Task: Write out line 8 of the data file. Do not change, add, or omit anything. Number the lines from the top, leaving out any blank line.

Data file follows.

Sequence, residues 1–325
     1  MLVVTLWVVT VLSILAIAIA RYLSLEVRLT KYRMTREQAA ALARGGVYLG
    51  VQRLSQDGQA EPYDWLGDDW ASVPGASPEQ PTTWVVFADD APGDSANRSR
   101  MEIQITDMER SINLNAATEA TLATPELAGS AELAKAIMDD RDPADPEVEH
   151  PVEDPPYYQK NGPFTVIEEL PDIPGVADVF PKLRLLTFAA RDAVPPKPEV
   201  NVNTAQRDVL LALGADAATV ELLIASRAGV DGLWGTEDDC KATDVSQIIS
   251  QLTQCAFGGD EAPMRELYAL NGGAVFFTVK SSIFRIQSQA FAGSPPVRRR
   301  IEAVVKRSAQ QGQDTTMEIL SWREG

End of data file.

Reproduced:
   301  IEAVVKRSAQ QGQDTTMEIL SWREG